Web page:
By: Poelano Malema
In 2016, the story of Rachel Makhubela got many South Africans talking. Makhubela, in her interview with ‘Checkpoint’, spoke about how she experienced abuse from her employers as a live-in domestic worker. From being expected to work seven days a week to being underpaid, sadly, Makhubela’s story resonates with many domestic workers in South Africa.
According to ‘Checkpoint’, in 2016, the CCMA reported that 10% of the calls it received were from domestic workers reporting legal violations.
Maphuti Poto of ‘Potom Domestic Agency’ in Midrand has been in the domestic agency business since 2014. Over the past years she has not only helped many domestic workers secure jobs, but has often had to resolve issues between employers and employees.
We spoke to Poto about some of the abuse that domestic workers face.
No salary increase
“One of the most unfair things that employers do is when they refuse to increase their employees’ salaries. Some employers start off their employees with an amount that is below the approved wage and promise to increase it after the probation period ends. However, you find that years go by without a person’s salary being increased. This is not only unfair, but illegal.”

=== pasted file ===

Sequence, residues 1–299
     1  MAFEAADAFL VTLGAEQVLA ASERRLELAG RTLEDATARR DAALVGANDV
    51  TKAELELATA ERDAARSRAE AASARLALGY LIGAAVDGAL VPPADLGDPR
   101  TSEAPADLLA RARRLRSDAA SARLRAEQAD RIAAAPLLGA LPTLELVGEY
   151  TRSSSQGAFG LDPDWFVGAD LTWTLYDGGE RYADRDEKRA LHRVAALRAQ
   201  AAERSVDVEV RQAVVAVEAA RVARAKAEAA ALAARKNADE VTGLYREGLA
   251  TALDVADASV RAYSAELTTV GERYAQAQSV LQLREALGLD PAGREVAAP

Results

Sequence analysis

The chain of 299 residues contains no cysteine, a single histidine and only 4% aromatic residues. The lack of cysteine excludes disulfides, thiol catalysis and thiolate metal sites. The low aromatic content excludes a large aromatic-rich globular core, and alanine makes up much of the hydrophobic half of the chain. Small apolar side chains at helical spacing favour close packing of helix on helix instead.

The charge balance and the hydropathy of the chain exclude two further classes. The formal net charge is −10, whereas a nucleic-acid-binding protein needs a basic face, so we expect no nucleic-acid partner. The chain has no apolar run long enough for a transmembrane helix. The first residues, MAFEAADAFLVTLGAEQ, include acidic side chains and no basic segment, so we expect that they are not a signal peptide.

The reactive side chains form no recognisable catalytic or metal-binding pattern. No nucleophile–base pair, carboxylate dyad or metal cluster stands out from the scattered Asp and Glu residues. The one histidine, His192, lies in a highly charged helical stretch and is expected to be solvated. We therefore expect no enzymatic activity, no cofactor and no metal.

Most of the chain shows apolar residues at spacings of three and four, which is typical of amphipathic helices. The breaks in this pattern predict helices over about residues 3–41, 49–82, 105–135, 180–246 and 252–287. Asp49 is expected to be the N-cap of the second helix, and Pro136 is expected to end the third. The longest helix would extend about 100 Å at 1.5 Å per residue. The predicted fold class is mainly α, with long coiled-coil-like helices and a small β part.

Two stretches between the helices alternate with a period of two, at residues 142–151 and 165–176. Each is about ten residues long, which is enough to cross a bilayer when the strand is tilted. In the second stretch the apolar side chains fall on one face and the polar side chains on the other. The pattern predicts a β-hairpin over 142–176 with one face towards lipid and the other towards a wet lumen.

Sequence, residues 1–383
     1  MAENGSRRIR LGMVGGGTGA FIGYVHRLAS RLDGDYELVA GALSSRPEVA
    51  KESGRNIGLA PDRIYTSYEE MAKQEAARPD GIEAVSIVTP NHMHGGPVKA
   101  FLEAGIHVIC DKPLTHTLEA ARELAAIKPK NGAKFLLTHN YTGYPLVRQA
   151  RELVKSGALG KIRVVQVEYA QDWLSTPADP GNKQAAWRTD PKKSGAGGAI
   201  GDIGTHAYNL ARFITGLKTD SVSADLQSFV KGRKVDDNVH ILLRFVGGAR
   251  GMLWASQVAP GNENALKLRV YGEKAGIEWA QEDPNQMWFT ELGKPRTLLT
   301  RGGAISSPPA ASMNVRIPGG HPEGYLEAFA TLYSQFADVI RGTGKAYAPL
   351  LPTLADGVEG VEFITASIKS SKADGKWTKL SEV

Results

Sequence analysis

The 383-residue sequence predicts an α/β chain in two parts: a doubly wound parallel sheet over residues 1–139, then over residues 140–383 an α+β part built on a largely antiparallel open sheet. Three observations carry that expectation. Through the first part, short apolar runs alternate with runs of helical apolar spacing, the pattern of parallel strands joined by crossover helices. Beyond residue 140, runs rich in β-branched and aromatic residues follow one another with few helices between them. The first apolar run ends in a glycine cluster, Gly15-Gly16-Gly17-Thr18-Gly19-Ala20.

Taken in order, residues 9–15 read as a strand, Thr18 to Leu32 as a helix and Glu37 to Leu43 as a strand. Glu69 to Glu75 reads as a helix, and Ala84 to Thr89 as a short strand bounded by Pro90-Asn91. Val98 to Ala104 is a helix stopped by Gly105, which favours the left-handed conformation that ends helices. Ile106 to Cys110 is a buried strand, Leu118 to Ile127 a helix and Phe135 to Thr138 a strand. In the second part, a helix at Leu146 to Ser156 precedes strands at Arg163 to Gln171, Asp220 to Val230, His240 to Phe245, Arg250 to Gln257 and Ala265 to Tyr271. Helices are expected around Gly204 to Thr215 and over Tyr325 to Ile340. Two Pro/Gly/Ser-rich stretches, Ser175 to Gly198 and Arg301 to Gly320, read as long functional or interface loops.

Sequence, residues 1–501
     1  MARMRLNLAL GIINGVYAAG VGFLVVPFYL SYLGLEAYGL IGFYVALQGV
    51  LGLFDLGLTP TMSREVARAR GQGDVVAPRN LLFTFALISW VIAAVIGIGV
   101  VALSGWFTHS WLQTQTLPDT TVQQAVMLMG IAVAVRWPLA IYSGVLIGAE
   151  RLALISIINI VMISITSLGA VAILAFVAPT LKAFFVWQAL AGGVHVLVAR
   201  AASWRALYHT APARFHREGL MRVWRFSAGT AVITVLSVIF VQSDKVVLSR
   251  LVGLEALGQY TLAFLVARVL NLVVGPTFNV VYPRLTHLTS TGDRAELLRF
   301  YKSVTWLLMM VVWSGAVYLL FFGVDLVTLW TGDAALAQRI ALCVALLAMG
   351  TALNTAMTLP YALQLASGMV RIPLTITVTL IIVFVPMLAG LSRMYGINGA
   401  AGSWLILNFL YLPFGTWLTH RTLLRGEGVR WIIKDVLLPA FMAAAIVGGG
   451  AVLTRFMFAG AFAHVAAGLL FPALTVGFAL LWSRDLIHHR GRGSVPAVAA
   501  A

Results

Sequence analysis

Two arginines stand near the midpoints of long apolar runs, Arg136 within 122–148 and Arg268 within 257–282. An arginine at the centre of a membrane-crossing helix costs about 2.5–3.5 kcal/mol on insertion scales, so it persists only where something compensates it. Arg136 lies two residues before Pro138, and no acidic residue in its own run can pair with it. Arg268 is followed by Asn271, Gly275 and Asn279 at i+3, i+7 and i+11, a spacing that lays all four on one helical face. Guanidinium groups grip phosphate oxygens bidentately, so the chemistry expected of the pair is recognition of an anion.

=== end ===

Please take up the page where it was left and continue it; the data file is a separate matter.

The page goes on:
Expecting your domestic worker to work abnormal hours
Ideally, employees should work for 27 ordinary hours a week, but Poto says in some homes, domestic workers are expected to work from early hours of the morning until when the family decides to go to sleep.
“It sometimes even gets worse to a point where nannies are expected to sleep with babies and attend to them during the night. The domestic worker is basically always on duty.”
Not allowing your domestic worker time off
“Some of the clients I get want live-in employees. Usually such clients and employees would agree to allow their employees to get time off for one weekend in a month. But sometimes you find that employers go back on their word and refuse employees time off.”
Denying them food
“Refusing your helper food or even dismissing them just because you feel they eat too much is not right. Of course people must be reasonable because food is expensive, but to chuck someone out just because you feel they eat too much is not right. ”
Taking her belongings
Some employers take away employees’ belongings, such as passports or ID cards, and claim it is for security purposes. This is illegal.
Image courtesy of Pexels/ @Andrea Piacquadio